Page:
Edited by Alex Kurtagić
The following is excerpted from a book called Scum, written in 1992. It is part of a larger and wide-ranging, if perhaps unfocused, discussion on sado-masochism and the expulsion and conservation of energy. The text has only been lightly edited for punctuation, spelling, capitalisation, and grammar.
One of the most interesting and despised areas of popular culture is the “funny book” or comic—although the comic book itself has now become a prized form, with the original frames of Batman and Superman fetching large prices at Sotheby’s and other art dealers. The early comics, such as Batman and Superman, were staples of DC comics, based in the Rockefeller Plaza. They were adventure stories for boys, though comics were later to split along the styles of gender specification, and boys enjoyed superhero comics, perhaps War and Battle as well, while girls tended towards romantic comics dealing , in a crude way, with “human situations,” such as Cindy magazine. One can almost hear feminist devotees clucking in the background, but gender specification is an inalienable fact, a biological reality.
Nevertheless, Batman and Superman were subtly different from each other, and while Superman was more rugged, more all-American, Batman was darker and had more Gothic potential. Indeed, Batman was a mere mortal, unlike Superman, an expression of the vigilante urge in American society. In accordance with liberal stereotypes, of course, Batman was an individual who liked dressing in sado-masochistic uniforms and “beating the hell out of criminals.” He was obviously a man who showed “fascistic symptoms“—elements of pathological retribution, based on the murder of his parents, the Waynes. While Batman himself represented a dark, Gothic atmosphere, his villains, who reappeared in issue after issue, were his alter egos. Moreover, they appeared to be necessarily lightweight; they were villains of humor, charlatans of deviousness, like the Joker, the Riddler, and the Penguin.
The Joker is an interesting figure: a man who always murders his opponents with a smile on his face. This is basically because the smile, the broken leer, is unmovable; it was fixed there either by acid or a radioactive explosion, I cannot remember which—but, unlike Doctor Doom, the villain in The Fantastic Four, a Marvel comic which came along later, the Joker is not a genuinely tragic figure.
Doctor Doom, on the other hand, is a marvelous character, a man who has been terribly disfigured by a chemical explosion. As a result of this, he locks his face and eventually his whole body away in a suit of armour, later covered with beige cloth. Like The Phantom of the Opera in Gaston Leroux’s novel, no-one can see his face without being completely incapacitated—one of the reasons why it has never been shown in a comic panel.
In a sense, therefore, comic books represent orgies of violence, ugliness, meaninglessness, and sado-masochistic violence. Indeed, it is not surprising that Marvel Comics later introduced a character called The Punisher, first as a villain in Spiderman, and then as a hero or anti-hero in his own strip.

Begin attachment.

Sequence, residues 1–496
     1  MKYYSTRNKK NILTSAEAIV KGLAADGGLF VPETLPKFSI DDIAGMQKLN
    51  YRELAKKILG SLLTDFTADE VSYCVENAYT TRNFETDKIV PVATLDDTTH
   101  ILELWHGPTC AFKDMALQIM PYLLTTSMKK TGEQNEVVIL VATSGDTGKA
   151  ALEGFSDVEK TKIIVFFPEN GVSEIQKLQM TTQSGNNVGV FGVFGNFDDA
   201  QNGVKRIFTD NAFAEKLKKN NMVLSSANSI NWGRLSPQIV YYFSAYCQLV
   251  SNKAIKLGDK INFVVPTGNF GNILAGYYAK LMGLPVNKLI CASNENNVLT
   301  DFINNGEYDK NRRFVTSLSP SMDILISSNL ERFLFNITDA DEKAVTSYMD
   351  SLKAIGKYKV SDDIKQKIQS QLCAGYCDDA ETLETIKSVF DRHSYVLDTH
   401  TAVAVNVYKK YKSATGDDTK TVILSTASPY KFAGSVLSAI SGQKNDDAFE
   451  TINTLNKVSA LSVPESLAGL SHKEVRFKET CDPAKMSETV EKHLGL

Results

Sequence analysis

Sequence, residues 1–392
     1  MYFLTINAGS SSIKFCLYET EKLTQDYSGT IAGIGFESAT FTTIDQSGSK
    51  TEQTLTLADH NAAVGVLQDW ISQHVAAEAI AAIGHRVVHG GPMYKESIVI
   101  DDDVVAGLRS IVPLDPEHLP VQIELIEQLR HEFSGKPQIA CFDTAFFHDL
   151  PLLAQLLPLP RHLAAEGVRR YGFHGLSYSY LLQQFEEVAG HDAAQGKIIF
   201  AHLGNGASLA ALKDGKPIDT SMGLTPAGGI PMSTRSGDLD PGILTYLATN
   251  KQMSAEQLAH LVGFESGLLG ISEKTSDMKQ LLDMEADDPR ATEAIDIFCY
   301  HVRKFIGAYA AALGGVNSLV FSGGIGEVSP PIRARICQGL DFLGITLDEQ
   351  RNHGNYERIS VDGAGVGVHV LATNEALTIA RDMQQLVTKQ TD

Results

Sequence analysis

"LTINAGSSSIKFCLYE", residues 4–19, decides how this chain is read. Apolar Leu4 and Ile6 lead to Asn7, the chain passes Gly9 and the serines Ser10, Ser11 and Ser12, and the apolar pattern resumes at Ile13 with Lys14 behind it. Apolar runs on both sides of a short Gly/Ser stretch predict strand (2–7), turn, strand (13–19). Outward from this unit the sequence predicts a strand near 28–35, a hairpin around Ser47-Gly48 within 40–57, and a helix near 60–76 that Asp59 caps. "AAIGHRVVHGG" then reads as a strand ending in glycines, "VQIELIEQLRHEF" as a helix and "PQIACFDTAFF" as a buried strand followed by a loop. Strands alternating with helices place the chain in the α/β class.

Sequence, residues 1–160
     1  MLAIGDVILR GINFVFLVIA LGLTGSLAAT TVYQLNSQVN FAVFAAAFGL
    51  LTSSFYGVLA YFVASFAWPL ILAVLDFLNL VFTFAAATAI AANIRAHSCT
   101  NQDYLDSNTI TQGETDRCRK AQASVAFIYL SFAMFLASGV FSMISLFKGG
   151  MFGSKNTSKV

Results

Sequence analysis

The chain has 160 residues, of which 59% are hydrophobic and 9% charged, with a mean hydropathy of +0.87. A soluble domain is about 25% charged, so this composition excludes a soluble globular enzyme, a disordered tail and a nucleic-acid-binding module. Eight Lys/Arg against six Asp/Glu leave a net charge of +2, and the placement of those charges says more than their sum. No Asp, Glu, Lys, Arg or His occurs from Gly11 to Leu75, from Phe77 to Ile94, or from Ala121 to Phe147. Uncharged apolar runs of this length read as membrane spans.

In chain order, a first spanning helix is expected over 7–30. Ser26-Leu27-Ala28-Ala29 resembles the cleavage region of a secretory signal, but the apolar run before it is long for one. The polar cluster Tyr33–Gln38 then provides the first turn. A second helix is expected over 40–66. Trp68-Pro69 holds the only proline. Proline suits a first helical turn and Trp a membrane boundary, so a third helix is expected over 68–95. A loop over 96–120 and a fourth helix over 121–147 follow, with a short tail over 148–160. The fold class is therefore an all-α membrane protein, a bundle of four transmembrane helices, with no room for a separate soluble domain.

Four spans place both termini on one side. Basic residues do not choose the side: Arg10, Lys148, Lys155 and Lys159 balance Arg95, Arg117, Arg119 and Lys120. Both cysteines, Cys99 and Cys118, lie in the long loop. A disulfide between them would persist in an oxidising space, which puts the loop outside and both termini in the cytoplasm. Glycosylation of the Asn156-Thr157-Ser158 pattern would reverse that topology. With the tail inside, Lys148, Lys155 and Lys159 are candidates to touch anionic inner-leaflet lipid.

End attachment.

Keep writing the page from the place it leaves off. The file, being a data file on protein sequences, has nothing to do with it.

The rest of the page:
Marvel also brought out a highly sophisticated and degenerate comic called Deathlok, which featured a strange freak of science fiction: a half-human robot; a robot which was actually a reanimated and rotting corpse—the corpse of a marine commando, held in a metal casing and with part of its brain replaced by a computer (‘puter), with which the cyborg engaged in constant mental jousts.
As can be seen from the above, these comics were an amphitheatre of perversion, a cruel tourney, available in any dime house, over which children would pore for hours, much to the consternation of their parents. Not surprisingly, there are periodic attempts (by parents and guardian committees, watchdogs, and so forth) to ban or restrict the circulation of such material, and under threat by a Congressional committee that was concerned about “horror comics,” the industry bowed to the inevitable and introduced a voluntary body, the Comics Code Authority.
Of course, the whole purpose of comic books is that they are cruel “jokes,” violent forms of juvenilia, which focus and dispel the raw emotions of children. In a sense they are the violent fantasies of children, where no-one is ever hurt and everyone picks themselves up at the end of the day. Hence, we see the purposeless energy, the violent and contrary lines of force that comic books represent. They are festivals of line, disorientated patterns of force—just look at the Modesty Blaise strip by Peter O’Donnell, for instance, and you will realize that they are the sine qua non of Right-wing art. They are a festival of linear force—nothingness, despair, redemption, where redemption involves commitment, in the Sartrean sense, nearly always through violent action. This is the type of act represented by Rapeman in the Japanese adult comics known as Manga, where beautiful and dreamy oriental women, drawn in outline, are sexually assaulted and murdered by Rapeman. Moreover, such draughtmanship always accentuates the sexual organs of women, as in the Vampirella strip, for example.
The Vampirella strip, in particular, dealt with the adventures of a scantily clad Transylvanian countess. In many respects, it was an attempt to corner two markets at once: namely, the market for horror stories, on the one hand, and the market for soft pornography, on the other. Moreover, you can be sure such comics were not licensed by the Comics Code Authority.
Scott Howard’s The Transgender-Industrial Complex
Forthcoming from Counter-Currents:
Jonathan Bowden’s Reactionary Modernism
Remembering Jonathan Bowden (April 12, 1962–March 29, 2012)
The Man Who Shot Liberty Valance
The Struggle is Real
Greed & Victory
L’Etranger to Himself: Race & Reality in Albert Camus’ The Stranger